Indiana coach: Ohio State weaknesses are hard to find

Ohio State quarterback J.T. Barrett throws a pass against Bowling Green during the first half of an NCAA college football game Saturday, Sept. 3, 2016, in Columbus, Ohio. (AP Photo/Jay LaPrete)
Ohio State quarterback J.T. Barrett throws a pass against Bowling Green during the first half of an NCAA college football game Saturday, Sept. 3, 2016, in Columbus, Ohio. (AP Photo/Jay LaPrete)

COLUMBUS, Ohio (AP) — When Indiana coaches started looking for weaknesses in Ohio State’s game, someone noticed the Buckeyes’ punter Cameron Johnston wasn’t listed among the NCAA leaders at his position. So he must not be very good, right?

Turned out that Johnston hadn’t punted enough this year to even be listed in the NCAA stats. Johnston has punted just 11 times in four games, but his average — 50.6 — is among the best in the nation.

So much for that.

“I don’t know if you’re a great punter if you’d want to go to Ohio State, to tell you the truth, because they don’t use him,” Indiana coach Kevin Wilson quipped this week.

In other words, the weaknesses are really hard to find.

Fresh from an overtime upset of Michigan State last week, Indiana (3-1, 1-0 Big Ten) visits Columbus on Saturday to play No. 2 Ohio State (4-0, 1-0) whose weapons are so numerous, Wilson said, that preparation is difficult.

“They play a lot of guys and they play hard,” Wilson said. “There’s a lot of talent and a great competitive spirit on that team.”

Other things to watch for when Indiana visits Ohio State:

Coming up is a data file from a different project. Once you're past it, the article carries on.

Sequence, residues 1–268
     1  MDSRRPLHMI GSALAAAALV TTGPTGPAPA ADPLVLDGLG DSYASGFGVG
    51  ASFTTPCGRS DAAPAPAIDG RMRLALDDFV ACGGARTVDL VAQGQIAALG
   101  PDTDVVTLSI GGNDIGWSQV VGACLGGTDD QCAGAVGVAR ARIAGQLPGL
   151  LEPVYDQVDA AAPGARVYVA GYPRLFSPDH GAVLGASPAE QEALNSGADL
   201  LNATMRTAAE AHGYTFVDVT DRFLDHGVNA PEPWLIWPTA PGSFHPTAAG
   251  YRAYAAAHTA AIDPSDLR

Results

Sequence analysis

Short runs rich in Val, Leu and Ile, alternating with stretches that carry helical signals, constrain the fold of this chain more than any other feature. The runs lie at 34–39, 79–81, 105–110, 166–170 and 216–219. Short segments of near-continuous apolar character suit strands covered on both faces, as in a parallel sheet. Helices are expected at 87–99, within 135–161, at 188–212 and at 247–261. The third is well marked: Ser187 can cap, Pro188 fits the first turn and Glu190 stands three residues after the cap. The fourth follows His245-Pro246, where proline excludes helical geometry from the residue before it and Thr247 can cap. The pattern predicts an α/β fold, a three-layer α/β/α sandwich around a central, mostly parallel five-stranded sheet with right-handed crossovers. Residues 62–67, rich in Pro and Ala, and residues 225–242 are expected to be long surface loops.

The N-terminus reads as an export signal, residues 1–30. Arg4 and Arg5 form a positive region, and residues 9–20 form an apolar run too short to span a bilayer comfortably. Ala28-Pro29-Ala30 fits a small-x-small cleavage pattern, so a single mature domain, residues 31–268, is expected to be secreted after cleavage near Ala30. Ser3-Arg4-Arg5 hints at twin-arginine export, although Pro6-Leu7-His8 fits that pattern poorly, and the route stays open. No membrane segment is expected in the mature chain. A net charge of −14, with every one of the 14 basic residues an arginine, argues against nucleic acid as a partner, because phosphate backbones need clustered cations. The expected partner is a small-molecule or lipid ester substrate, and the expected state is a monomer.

CONFIDENCE BOOST: Indiana receiver Mitchell Paige said the team’s confidence level was high even before the Hoosiers knocked off Michigan State in OT. If the Hoosiers can beat Michigan State, why not the Buckeyes?

“We’re starting to see we can do some things when we listen to coaching, understand more game plan — there was a lot of really good film study last week — knowing exactly what we were trying to do,” said Paige, who is tied for the team lead with 18 receptions for 217 yards and got his first TD of the season last week.

“We can build on that this week and get even a little bit better. We’ll only be more confident and give ourselves a real chance on Saturday,” Paige said.

Wideouts Nick Westbrook (18 receptions, 370 yards, four TDs) and Ricky Jones (16 receptions, 350 yards, one TD) also will be competing for quarterback Richard Lagow’s attention Saturday.

IT STARTS WITH JT: Ohio State coach Urban Meyer has often said that Tim Tebow, his Heisman trophy-winning quarterback at Florida, is the gold standard for team leaders.

Meyer said this week that quarterback J.T. Barrett is “very close” to Tebow status in terms of leadership qualities.

“Yeah, J.T., in his own way, is exactly on the same level as Tim, and those are two elite leaders,” Meyer said. “There are some other guys, but, yeah, J.T. is certainly at that level.”

Barrett said he’s honored that Meyer would talk about him and Tebow in the same conversation.

“I think there’s something with great players, you can tell that everything is so personal,” Barrett said. “And I think when you watched (Tebow) play he was passionate and everything was personal to him. Everything mattered, every little thing, too, it all mattered and was personal to him, and that’s why he was so fun to watch.”

Same with Barrett?

“I’m getting there,” he said.

LANDERS RISING: Among the many pleasant surprises for Ohio State this season is an undersized redshirt freshman defensive tackle named Robert Landers.

Generously listed as 6-foot-1 and 285 pounds, Landers — from perennial state powerhouse Huber Heights Wayne — leads the team with five tackles for a loss and is tied for seventh in the Big Ten with 1.25 tackles for a loss per game.

Typically giving up several inches and 20 pounds or more to offensive linemen, Landers is quick and able to use his low center of gravity as leverage against larger men.

“I’m a little short for my size, but it plays to my advantage,” he said, noting that defensive line coach Larry Johnson likes to refer to him as “gravity challenged.”

Said Meyer: “You can’t have a whole defensive line like that, but he creates havoc in there.”